Welcome to the forum.
Please ignore anyone suggesting you have to manhandle, "be the alpha", get aggressive, holding them down, alpha rolls or other such outdated abusive training. You need to train smart, not harsh.
Ditto on being careful about Petsmart "trainers". Double ditto on Patricia McConnel books and work being great. Her article beautifully covers resource guarding. Please read and use her article. People who respond to resource guarding as general or human aggression can make matters far worse. Do it right, and it is not hard to train your pup that yes, even poop in the park is not hers.
You can do almost all your own training by finding a few trainers online and videos, and working solidly on their lessons. Most dogs can be trained with all the basics at home, then use classes or a trainer to help polish or spot problems. Mary is excellent: http://www.clickerlessons.com/index.htm
Few handlers have time to be trainers. Look for trainers who belong to a group that does positive training and reinforcement, hopefully, one who has worked with hounds.
At home, there are ways to stop stool eating as you can put Forbid or other things in their food that makes the feces taste bad. For out walking, it takes several things. First, teach "leave it" command until it is 100 percent solid. Work on it until you can leave a piece of steak and get your pup to not take it. For walks, until you can get "leave it" solid, I strongly suggest either a head halter or basket muzzle. Feces can carry lots of things, from bacteria to parasites. You might try carrying a spray bottle with vinegar and spray the poo, but if your pup grabs it first, the only lesson learned is the need to find fast. Until you get this issue fixed, I'd avoid both dog parts and being unleashed.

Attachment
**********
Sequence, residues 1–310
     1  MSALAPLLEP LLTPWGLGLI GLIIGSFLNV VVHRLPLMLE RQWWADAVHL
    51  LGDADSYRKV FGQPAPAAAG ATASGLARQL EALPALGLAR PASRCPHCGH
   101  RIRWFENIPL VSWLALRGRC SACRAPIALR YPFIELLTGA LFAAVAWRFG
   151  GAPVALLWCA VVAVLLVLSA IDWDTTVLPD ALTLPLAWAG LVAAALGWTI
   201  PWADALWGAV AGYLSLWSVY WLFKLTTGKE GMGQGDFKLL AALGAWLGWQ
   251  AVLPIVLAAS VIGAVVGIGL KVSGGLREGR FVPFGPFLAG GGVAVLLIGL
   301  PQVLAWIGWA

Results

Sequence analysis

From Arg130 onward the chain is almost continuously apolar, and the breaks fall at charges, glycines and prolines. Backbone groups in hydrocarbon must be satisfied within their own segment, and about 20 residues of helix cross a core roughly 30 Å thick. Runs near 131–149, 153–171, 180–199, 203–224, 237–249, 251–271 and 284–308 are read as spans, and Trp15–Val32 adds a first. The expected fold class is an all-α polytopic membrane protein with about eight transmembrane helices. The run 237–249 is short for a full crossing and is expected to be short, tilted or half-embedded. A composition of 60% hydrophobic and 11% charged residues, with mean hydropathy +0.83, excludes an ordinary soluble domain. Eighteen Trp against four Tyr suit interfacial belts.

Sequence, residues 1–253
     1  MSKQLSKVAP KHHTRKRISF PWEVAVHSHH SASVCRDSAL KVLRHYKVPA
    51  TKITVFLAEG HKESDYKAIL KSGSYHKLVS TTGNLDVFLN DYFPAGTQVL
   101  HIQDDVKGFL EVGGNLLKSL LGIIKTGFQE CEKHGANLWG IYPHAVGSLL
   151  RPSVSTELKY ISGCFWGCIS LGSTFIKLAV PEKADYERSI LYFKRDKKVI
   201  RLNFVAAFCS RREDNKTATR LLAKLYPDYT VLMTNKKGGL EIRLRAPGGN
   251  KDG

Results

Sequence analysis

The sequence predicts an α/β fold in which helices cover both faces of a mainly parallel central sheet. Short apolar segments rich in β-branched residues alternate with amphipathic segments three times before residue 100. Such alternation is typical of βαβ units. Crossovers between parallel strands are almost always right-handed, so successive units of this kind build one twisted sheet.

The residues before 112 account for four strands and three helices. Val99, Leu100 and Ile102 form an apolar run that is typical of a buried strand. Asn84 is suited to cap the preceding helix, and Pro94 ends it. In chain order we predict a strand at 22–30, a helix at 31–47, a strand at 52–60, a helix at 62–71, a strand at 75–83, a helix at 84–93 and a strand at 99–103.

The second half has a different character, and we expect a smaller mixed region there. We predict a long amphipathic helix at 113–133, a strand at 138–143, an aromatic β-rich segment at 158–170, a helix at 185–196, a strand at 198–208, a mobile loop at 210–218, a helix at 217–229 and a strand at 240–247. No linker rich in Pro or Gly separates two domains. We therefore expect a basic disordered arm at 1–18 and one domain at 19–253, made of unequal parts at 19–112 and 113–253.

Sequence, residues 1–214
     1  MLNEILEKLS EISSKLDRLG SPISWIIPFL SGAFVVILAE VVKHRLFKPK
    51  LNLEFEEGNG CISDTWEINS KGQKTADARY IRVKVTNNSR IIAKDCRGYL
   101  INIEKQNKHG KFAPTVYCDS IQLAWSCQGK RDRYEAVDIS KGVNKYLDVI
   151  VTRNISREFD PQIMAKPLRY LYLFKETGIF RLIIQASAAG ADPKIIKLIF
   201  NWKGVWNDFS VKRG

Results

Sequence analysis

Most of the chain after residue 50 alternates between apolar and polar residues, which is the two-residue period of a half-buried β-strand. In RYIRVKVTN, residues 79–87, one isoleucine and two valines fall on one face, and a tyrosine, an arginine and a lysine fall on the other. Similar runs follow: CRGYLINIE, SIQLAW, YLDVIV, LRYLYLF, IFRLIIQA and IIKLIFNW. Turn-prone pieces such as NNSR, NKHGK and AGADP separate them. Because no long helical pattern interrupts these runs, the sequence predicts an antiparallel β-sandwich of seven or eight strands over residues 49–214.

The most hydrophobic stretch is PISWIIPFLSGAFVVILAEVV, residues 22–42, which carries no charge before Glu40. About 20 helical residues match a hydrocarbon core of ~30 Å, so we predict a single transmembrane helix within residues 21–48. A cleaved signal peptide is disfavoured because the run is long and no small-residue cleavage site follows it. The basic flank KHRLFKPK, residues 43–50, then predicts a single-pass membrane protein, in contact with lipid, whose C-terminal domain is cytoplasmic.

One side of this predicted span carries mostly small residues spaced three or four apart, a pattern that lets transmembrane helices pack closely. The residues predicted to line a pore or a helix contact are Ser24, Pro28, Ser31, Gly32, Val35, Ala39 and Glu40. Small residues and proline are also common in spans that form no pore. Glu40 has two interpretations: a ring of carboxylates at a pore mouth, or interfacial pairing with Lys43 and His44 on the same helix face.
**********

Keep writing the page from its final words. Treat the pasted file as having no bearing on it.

All breeds have some differences, and even larger ones within the breed. I haven't found Basenjis all that different from Chows or Samoyeds or half a dozen others. One disadvantage is they are smarter than it's helpful. You can watch their little brains working and it's rarely for the good.
10 months is not a baby, but certainly a puppy. Full mature brain deliveries start coming in small doses and may take 3 or 4 years for you to have a real adult.
Training is far more than teaching a dog (or owner) how to do something. It really is relationship building. The relationship you develop by gently closing fingers around a muzzle while sternly saying "NO BITE" (or, ick, "NO POOP"), then leading away from temptation is one thing. Firm, consistent, calm ... and a pretty good sense of humor ... will win.